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For UK consumers, January is a month typically marked by weight loss ads, New Year resolutions and a budget holiday marketing blitz. This year, however, things are rather different, with billboards, TV and websites carrying instead the very direct message: ‘Stay At Home’.

Yes, almost a year on since the pandemic reared its head, our island finds itself once more in the midst of a Covid-19 lockdown. The toughest since last March, in fact.

Along with increased pressure to prove their value, enforced staff cuts and physical barriers to creativity, marketers can add the latest restrictions on movement to their growing list of concerns – yet another headache for agencies. 

Even before the latest lockdown, sustained limitations in the UK continued to weigh heavily on brand budgets. Numbers published by the Institute of Practitioners in Advertising (IPA) last week showed that 40.4% of firms experienced a decline in marketing budgets in the final quarter of 2020 (typically a strong season thanks to the Christmas advertising boom), compared with just 16.4% that noted an increase in available funds – a net balance of -24.0%.

After four consecutive quarters of cuts, marketers are echoing consumer sentiments of macro gloom in the short-term. However, with a vaccine and an economic recovery on the horizon, they’re also feeling more positive about the upcoming prospects for their own company and that latest net figure of -24.0% is more moderate than in Q2 (-50.7%) and Q3 (-41.0%) last year. The coming financial year is also looking brighter, with a net balance of +12% of senior brand bosses expecting total marketing budgets to be revised upwards.

Figures from the latest Advertising Association (AA)/WARC Expenditure Report forecast slower growth in 2021 than previously expected, with the 14.4% of gains slated for 2021 unlikely to offset last year’s losses. This means the UK’s ad market is not expected to fully recover until 2022.

That’s the bigger picture. But what about the short to medium-term outlook? How are agencies bracing for what could be the toughest few months of the crisis yet and have the lessons learned in lockdowns one and two prepared them to lead clients on the road to recovery?

Less knee-jerk reactions, more moving parts

Clare Lawson, chief customer officer at Ogilvy UK, says she isn’t so much witnessing a pull back to ad spend, but more a change in spending patterns as well as a leap towards a “performance and precision” mindset from clients. In response, the agency is developing more long-term programmes than pure advertising campaigns, focused on both branding and sales.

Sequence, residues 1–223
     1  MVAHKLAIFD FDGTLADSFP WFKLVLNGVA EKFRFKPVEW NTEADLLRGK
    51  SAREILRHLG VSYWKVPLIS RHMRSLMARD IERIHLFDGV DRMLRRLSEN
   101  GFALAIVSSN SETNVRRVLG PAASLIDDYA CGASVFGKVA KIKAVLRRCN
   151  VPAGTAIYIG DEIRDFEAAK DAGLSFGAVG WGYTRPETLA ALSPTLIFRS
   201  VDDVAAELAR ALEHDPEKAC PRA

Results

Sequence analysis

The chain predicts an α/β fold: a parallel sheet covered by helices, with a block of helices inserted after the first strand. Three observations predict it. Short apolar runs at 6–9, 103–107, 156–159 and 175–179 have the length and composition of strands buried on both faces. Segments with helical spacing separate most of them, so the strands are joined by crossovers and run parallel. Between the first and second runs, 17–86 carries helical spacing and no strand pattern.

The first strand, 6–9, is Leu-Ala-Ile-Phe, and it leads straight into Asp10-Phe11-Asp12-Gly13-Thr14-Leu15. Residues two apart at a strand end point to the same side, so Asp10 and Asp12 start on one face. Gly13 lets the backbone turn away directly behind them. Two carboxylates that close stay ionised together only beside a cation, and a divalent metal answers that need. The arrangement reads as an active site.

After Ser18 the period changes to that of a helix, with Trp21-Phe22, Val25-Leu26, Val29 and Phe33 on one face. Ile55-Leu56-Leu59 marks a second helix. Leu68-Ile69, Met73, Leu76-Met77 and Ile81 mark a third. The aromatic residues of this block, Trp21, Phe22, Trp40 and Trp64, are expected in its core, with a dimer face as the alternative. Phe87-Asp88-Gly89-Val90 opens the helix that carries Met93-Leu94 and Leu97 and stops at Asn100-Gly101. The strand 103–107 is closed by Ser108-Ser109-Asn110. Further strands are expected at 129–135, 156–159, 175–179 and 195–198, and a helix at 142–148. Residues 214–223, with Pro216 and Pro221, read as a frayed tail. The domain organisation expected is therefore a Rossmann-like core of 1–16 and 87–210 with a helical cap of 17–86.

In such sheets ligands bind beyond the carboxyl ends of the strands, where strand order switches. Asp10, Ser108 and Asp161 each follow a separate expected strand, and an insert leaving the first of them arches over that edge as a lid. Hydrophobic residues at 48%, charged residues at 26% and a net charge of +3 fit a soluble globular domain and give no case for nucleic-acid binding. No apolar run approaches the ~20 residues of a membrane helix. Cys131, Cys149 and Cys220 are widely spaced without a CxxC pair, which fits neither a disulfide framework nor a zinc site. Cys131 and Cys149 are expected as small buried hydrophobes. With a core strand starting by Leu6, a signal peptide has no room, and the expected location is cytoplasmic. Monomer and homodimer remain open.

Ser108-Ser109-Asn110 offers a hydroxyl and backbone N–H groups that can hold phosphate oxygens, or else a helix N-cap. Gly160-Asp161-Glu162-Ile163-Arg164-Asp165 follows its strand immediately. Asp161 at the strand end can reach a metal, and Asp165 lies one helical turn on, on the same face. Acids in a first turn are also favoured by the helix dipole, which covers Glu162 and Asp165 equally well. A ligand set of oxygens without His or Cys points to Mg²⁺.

Natalie Graeme, a co-founder of Uncommon Creative Studio (the agency that emerged from the ashes of Grey’s leadership team in 2016), agrees and says the industry isn’t seeing the kneejerk “needs must” slashes to spend that the first lockdown wrought.

“The main mode for brands planning ahead for 2021 seems to be a balance of savvy spending in the moment coupled with cautious optimism to continue to invest in brand building for the longer term,” she observes.

As soon as Covid-19 hit, Uncommon rapidly began re-planning “every single bit of activity” for every brands by asking how it could help brands for the now, during the crisis and post-pandemic.

“These three pillars continue to play a huge part in how we’re partnering with clients this time around. The brands coming through this crisis strongest are, by in large those who have been able to adapt at speed to the constantly changing situation, while also staying firmly in touch with the mood of the nation and, in many instances, fundamentally reposition the way their brand is seen by consumers.”

Though no one can predict the future, her advice to other agencies weathering this economic storm is to be clear in their role as a partner to brands, delivering strategies that will help them emerge from this period with clarity of their purpose and ready for what’s next.

A focus on what’s in front 

Leo Burnett chief executive Charlie Rudd, who counts McDonald’s among his clients, says that lockdown 3 feels like “less of a crisis from a work and delivery standpoint” for brands and agencies alike.

“Lockdown one felt like crisis mode and while lockdown three is obviously not great news, we have in place behaviours, systems and processes that mean our clients are able to approach this time with a measured and confident response, rather than imagining the worst,” he explains.

A big focus for his leadership team just now is helping clients deliver messages with “empathy, confidence and clarity”.

Keeping staff motivated and in a good place professionally and personally to service the roster is a priority too. “Lockdown three is the one we didn’t think we’d have. Everyone was ready to return to normal, get back the office and forget about 2020 entirely,” he says.

“The rug being pulled from under us in that respect – and, let’s face it, the gloomy weather – means that it’s not enough to do more of the same with our teams and clients as we did the last two times around, because people are feeling more frustrated, more isolated, more impacted by it than ever.